NASA is releasing more information gleaned from the Cassini spacecraft's final mission, focusing on Saturn's moon Titan. Long considered one of the solar system's possibilities for life, Cassini has found that the small liquid lakes on Titan's northern hemisphere are deep, resting upon hills and filled with methane. The discoveries took scientists by surprise.
Cassini was studying Saturn from 1997 through 2017. On the spacecraft's last mission, known as the Grand Finale, it was able to get a closer look at the Titan by using the moon's gravity to alter its trajectory. Having already gathered information about the moon's vast methane seas, the Grand Finale offered a chance to better understand the smaller elements of Titan's surface.
Published in Nature Astronomy, the study showed that the lakes run deeper than 300 feet (100 meters). Cassini also offered detailed information on Titan's equivalent of Earth's hydrological cycle-the patterns of the liquid methane on the moon's surface. Considering that Titan is the only body in the solar system besides Earth known to have stable liquid on its surface, the chance to study it is a rare opportunity.
Titan, as far as scientists know, does not have water. Instead, its temperatures are so cold that the plentiful methane and ethane on its surface are liquid instead of gaseous as they are on Earth. While the northern seas were known to be filled with methane, they didn't expect northern lakes to be as well. Why? Because lakes on Titan's southern hemisphere, like Ontario Lacus, are a roughly equal mix of methane and ethane. While similar, ethane is heavier than methane and has more carbon and hydrogen atoms.
"Every time we make discoveries on Titan, Titan becomes more and more mysterious," said lead author Marco Mastrogiuseppe, Cassini radar scientist at Caltech in Pasadena, California in a press statement. "But these new measurements help give an answer to a few key questions. We can actually now better understand the hydrology of Titan."
Further complicating the moon's environment is that there appears to be no northern unity either. The small lakes exist on Titan's northwest, seemingly a world apart from the vast oceans in the northeast, filled with liquid methane and dotted with tiny islands.
"It is as if you looked down on the Earth's North Pole and could see that North America had completely different geologic setting for bodies of liquid than Asia does," says Cassini scientist and co-author Jonathan Lunine of Cornell University.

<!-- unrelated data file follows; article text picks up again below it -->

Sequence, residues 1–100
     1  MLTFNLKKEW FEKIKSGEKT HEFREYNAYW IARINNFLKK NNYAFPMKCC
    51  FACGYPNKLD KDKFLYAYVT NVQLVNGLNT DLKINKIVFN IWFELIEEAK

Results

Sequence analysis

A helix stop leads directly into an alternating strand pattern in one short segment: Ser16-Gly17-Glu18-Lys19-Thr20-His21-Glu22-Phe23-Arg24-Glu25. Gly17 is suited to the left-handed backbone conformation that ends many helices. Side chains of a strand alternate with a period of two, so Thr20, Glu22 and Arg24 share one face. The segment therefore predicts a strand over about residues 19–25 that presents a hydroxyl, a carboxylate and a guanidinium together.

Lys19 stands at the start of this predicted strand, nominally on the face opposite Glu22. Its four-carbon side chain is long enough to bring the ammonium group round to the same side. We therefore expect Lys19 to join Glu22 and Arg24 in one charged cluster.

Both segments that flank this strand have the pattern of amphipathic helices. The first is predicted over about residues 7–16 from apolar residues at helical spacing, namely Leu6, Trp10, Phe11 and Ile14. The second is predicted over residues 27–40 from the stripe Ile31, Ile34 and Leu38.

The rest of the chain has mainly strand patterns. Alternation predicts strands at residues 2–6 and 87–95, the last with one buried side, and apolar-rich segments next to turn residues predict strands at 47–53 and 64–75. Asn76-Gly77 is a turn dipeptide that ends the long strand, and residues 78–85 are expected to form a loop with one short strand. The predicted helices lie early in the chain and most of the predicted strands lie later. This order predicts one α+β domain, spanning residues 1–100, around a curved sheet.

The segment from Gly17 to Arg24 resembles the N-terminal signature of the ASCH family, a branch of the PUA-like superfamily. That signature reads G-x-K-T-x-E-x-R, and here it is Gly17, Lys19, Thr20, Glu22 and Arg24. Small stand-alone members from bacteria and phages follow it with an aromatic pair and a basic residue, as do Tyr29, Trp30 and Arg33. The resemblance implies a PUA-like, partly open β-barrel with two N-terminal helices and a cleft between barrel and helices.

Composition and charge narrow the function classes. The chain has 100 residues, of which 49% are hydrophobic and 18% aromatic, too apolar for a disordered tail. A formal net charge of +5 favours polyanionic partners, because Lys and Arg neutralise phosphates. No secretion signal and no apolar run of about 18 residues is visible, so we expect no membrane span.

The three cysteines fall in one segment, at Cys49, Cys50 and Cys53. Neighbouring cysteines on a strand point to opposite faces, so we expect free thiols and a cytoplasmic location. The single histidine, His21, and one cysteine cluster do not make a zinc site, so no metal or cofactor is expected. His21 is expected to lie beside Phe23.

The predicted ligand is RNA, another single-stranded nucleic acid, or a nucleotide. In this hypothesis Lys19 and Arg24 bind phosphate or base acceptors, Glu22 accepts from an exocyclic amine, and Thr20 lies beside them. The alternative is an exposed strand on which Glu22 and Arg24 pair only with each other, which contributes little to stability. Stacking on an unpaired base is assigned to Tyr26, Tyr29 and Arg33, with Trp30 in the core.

Using Cassini's radar instrument, scientists were able to do more than just confirm earlier findings that the lakes are far above sea level. They found that these lakes rest on top out landmasses of their own, similar to flat-topped hills like the mesas or buttes that dot the American southwest. These Titanian objects stand out in their environs, sticking hundreds of feet above the surrounding landscape.
Both the location of the lakes and their small size-just tens of miles long-makes NASA scientists believe that they formed "when the surrounding bedrock of ice and solid organics chemically dissolved and collapsed," according to the agency's press statement. That reminded scientists of a similar process on Earth, which creates what are known as karstic lake.
The karstic process, which is often associated with sinkholes, is a well-known phenomena on Earth. Around 20% of the United States is underlain by karst landscapes, according to the United States Geologic Survey, with 40% of groundwater used for drinking coming from karst aquifers. The process, which typically involves limestone, has created bodies of waters often associated with legends on Earth, like Germany's Eichener See.
With lakes of methane standing atop mesa-like structures, Titan's own mysteries are only growing. For scientists who worked with Cassini, there's a clear sense of pride that its Grand Finale appears to be living up to the name.
"This was Cassini's last hurrah at Titan, and it really was a feat," Lunine says.
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